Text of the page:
As for the rotating of players during a match, it was a non-starter with Nowak and a change in coach does not make it a more viable option. With Cruz still developing chemistry with his new Union teammates and Gomez already well out of his comfort zone higher up in the attack, it was the Union, not Real Salt Lake, who was destabilized by the constant swapping of fields. Whatever formation Hackworth adopts, consistency and chemistry will prove the difference between a cohesive attack and what the Union showed Friday night.
No place for Lahoud
Over the past four winless matches, the Union have scored two goals. Against Chicago, a Jalil Anibaba own goal proved the club’s only tally, while a week later a game of pinball inside the six-yard box ended with Brian Carroll bundling the ball over the endline in DC. These are meager offensive days, and that is putting it mildly.
In Brian Carroll, the Union have not only one of their most consistent performers, but also one of their only veterans, and his position appears secure as the safety blanket in front of the Union back four. Yet, in Michael Lahoud, John Hackworth has a very similar player. Defensively focused and quick to knock a short pass around the midfield, it is hard to see what qualities Lahoud brings to the starting XI that are not already well covered by Carroll. Especially considering their lack of attacking instincts, the continued usage of both players is not only redundant, but counterproductive for a team that needs to move the ball up the field with purpose.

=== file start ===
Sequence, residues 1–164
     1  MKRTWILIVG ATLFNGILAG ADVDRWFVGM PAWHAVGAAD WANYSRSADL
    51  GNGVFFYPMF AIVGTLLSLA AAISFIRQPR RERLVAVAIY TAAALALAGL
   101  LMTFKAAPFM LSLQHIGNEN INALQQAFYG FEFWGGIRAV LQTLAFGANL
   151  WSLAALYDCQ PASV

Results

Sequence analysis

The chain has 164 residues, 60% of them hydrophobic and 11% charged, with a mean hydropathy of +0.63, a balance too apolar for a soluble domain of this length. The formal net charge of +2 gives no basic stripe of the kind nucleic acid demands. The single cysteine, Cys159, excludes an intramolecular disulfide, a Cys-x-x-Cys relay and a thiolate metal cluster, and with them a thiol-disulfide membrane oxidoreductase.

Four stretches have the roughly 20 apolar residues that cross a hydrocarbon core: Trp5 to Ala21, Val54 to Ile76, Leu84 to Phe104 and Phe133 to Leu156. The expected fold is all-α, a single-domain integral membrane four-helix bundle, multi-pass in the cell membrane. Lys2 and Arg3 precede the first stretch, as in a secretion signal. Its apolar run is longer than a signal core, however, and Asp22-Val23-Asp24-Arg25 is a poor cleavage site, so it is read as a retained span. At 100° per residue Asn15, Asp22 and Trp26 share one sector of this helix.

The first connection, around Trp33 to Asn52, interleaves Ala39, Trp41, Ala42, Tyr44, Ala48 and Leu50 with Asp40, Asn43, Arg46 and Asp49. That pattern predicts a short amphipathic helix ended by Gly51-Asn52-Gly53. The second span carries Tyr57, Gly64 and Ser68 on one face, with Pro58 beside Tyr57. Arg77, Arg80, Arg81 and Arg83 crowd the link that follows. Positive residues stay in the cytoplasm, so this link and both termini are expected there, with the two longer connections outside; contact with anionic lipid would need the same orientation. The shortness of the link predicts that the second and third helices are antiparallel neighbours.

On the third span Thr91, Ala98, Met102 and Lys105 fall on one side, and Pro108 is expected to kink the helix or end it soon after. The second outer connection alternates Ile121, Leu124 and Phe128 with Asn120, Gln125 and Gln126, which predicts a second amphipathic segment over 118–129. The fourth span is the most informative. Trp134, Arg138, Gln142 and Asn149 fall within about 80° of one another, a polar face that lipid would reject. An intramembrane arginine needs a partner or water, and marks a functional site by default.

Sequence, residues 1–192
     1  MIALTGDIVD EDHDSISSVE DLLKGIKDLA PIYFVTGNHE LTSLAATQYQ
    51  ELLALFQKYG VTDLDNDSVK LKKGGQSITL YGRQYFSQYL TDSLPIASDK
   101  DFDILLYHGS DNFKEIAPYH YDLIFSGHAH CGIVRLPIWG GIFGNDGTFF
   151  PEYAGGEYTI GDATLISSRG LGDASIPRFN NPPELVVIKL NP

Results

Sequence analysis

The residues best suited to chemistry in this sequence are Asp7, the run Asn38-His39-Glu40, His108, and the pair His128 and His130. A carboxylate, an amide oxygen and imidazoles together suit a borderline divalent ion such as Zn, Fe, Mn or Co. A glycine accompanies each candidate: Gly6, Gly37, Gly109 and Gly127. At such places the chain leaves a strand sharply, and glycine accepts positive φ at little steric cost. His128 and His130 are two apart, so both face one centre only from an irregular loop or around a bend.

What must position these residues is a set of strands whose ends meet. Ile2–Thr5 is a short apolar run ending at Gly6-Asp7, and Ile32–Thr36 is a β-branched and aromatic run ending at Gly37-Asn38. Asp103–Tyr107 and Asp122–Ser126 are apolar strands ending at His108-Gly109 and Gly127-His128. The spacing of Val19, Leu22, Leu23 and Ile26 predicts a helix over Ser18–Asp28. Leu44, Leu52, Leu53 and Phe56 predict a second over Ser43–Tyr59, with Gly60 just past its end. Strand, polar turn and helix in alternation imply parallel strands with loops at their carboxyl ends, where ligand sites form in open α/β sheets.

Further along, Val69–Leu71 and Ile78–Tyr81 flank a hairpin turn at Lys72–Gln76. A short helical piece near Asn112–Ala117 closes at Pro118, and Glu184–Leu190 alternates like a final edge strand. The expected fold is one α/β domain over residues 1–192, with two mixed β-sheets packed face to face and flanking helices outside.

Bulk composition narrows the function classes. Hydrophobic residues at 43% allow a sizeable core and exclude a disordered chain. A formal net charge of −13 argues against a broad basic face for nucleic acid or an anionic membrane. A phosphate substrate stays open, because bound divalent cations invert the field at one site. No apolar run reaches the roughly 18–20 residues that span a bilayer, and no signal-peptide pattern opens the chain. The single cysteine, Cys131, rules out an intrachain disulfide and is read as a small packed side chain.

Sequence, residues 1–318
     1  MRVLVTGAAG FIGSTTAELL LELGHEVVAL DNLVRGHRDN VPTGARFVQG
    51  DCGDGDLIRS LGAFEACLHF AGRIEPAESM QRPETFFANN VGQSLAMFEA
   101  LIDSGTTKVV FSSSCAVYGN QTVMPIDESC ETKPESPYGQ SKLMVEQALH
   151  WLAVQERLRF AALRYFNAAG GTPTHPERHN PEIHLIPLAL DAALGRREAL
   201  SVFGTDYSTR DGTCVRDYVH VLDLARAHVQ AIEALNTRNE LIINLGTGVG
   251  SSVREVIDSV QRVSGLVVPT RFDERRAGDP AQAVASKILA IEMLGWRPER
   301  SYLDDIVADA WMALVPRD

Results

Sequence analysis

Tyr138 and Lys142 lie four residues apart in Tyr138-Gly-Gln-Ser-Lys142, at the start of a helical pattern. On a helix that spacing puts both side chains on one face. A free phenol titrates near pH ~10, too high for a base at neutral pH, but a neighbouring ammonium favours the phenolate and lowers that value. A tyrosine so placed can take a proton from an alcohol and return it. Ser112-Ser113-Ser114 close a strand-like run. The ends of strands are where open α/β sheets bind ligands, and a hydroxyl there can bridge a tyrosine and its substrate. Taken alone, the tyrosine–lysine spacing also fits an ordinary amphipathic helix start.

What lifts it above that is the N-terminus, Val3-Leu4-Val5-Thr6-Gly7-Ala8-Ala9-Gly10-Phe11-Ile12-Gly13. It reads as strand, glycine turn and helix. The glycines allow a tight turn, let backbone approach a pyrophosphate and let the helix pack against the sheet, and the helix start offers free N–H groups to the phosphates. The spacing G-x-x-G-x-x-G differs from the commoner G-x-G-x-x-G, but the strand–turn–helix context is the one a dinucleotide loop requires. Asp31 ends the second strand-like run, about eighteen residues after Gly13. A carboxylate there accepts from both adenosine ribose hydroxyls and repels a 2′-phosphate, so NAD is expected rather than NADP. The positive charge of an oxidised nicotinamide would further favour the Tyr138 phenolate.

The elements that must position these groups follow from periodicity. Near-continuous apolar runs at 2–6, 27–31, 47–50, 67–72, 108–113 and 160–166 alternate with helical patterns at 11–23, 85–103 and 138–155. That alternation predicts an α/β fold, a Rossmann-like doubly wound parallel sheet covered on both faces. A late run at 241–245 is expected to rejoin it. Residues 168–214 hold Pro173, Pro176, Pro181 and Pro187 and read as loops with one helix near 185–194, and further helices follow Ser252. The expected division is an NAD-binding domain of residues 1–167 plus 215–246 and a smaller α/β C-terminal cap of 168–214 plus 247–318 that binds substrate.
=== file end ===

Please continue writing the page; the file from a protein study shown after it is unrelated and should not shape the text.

Following his transfer from Chivas USA, Lahoud has been given ample opportunities to earn his place in the starting lineup, yet he is proved prone to dangerous, ejection-worthy tackles, as shown in DC, while being erratic and careless in possession. Not only was he considerably off the mark when he tried to push the ball forward, Lahoud’s passes were too often poorly judged in terms of weight, playing his receiving teammate into trouble, rather than space.
Zac MacMath – 4
Did well to stop Jonny Steele on the break in the final minutes of the match, but was guilty of giving away the chance as he failed to come off his line to claim the ball before the RSL substitute could get onto it. Made a hash of a number of clearances, as his distribution continues to struggle. Seems to be rushing in just about every aspect of his game at the moment, and the coaching staff will need to work with him to slow the game back down.
Raymon Gaddis – 7
No one intimidates Ray Gaddis. Be they big and strong or small and technical, Gaddis has impressed with his ability to face up any foe without fear. His most recent opponent, Javier Morales, learned quickly that Gaddis is more than just a backup for Sheanon Williams. Gaddis played 90 strong, aggressive minutes as he not only mixed it up with Morales, but worked his way forward to take part in some of the Union’s more promising moves. Led the team in passing and took part in the occasional scintillating triangle with Michael Farfan and Cruz up the right flank.
Amobi Okugo – 6
Another steady performance from the strong, confident Okugo. Had a few early hiccups as he got the measure of Morales, but quickly became comfortable and stepped up to deny the ball. Showed fire to go after Morales after the RSL playmaker went cheaply to deck for what seemed like the dozenth time. Very unlucky not to have won the match for the Union when he did well to volley Adu’s late free kick on target, only to see Kwame Watson-Siriboe arrive at the final moment to clear it to safety.
Carlos Valdes – 6